The author of Car Camping (not reviewed) on his schizophrenic visit to the world of bullfighting. It's Sundeen who spent the morning "emptying tubs of human poo" in a Utah national park before his agent calls to ask if he can tackle a book on bullfighting in Mexico. Mark may have his doubts about his qualifications for this gig, but his alter ego, Travis LaFrance--the name under which Sundeen published "a slim paperback about hunting for desert rodents with highly trained falcons"--has none. Travis "would never look back at his travels and wonder who gives a shit about what some middle-class American has to say about the world," notes his creator/doppelgÄnger. Mark may balk as a torero "rams the little knife straight into the bull's brain, probing in tight circles like he's scraping the meat from a coconut," but when Travis writes it all down, he finds bravery draped with finesse: "How brave the man. How noble the beast, how profound the ritual!" Women shimmer like moths about Travis's flame; those who encounter Mark are less inclined to swoon: "My car's full," said the girl. "You can meet us there if you want." Never does Mark measure up to Travis, and so determinedly does he deploy humor as his foil that we can virtually see the chords of his neck muscles as he strains to eternalize the pitch of low irony. True to form, Mark loses the girl in the end, though not before entertaining forays into cockfights, flamenco dancing, and reminiscences about his earlier attempt to join the Prague Renaissance. (He boarded the wrong train and wound up in Budapest.) Along the way, Sundeen also gets in some good jabs at journalists who become instant experts. "How do you know so much about bullfighting anyway?" asks an acquaintance. "I've read quite a few books," Mark replies. Well-turned ambiguities, delivered with the steady patter of a late-night TV host's extended comic monologue. Copyright ©Kirkus Reviews, used with permission.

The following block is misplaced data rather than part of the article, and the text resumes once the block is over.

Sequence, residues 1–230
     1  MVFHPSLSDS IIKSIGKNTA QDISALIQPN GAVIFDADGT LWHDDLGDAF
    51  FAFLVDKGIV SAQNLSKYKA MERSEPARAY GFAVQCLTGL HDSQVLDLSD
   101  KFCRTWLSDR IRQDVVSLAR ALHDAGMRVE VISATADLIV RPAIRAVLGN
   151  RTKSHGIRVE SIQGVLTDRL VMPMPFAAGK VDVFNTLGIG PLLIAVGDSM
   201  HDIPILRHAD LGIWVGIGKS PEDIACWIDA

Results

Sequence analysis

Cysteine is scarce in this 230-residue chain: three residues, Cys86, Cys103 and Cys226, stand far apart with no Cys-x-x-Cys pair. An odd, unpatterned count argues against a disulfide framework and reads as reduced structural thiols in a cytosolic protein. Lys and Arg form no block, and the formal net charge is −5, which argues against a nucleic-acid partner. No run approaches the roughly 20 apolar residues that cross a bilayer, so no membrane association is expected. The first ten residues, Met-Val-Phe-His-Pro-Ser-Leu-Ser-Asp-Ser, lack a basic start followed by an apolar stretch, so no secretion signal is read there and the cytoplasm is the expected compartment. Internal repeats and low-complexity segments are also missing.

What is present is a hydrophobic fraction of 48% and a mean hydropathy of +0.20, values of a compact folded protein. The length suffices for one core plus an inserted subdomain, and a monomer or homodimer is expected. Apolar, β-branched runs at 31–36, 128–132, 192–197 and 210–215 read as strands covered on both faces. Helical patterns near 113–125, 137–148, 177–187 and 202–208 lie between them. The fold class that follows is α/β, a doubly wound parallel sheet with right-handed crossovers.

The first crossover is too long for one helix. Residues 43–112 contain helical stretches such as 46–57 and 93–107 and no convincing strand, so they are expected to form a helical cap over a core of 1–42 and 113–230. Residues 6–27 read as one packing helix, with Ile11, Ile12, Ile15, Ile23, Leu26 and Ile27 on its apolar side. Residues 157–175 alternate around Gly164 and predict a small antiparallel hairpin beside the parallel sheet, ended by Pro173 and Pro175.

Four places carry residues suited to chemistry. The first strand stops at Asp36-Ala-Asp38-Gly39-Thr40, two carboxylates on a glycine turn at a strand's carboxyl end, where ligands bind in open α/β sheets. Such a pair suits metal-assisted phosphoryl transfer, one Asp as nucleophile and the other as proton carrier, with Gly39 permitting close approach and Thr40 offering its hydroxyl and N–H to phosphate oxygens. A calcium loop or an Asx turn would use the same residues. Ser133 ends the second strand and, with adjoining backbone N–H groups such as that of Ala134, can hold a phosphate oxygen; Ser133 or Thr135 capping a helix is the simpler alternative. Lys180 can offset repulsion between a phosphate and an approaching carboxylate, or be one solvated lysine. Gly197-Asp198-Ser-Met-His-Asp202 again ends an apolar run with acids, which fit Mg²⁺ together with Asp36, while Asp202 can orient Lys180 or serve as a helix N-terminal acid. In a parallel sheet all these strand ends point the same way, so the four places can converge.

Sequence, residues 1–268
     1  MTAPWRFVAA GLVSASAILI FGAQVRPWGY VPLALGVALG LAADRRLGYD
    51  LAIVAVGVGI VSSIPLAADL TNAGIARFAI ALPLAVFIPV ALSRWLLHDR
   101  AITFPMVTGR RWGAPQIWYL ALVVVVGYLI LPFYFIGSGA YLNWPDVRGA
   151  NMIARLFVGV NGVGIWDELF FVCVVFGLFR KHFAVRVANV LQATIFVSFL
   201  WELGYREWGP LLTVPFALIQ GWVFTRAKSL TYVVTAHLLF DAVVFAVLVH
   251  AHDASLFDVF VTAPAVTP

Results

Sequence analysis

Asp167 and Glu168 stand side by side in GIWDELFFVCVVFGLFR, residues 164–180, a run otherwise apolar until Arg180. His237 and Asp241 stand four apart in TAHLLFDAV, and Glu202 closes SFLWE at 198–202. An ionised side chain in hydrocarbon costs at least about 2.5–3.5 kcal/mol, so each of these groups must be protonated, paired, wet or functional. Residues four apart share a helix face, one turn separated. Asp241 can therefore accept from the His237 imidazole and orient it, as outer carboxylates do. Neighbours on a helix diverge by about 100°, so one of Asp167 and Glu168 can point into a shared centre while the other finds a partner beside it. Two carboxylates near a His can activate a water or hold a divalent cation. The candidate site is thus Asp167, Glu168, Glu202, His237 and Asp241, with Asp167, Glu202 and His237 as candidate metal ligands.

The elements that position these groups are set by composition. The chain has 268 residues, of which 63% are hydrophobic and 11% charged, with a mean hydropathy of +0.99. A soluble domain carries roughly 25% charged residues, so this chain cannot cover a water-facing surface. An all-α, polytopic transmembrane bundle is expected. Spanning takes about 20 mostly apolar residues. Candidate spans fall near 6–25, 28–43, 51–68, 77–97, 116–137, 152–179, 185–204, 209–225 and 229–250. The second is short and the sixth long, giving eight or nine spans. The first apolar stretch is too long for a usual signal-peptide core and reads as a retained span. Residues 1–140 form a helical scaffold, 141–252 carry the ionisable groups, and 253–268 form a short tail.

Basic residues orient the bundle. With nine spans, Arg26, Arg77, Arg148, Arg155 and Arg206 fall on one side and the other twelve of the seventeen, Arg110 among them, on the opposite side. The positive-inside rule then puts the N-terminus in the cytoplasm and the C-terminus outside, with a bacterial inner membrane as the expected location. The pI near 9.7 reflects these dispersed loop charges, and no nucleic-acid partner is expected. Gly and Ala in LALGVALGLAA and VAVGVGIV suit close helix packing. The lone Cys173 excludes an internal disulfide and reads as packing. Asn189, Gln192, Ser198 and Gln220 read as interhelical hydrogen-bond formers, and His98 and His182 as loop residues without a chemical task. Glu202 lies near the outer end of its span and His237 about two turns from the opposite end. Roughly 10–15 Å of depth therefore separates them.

Copyright (c) Kirkus Reviews, used with permission.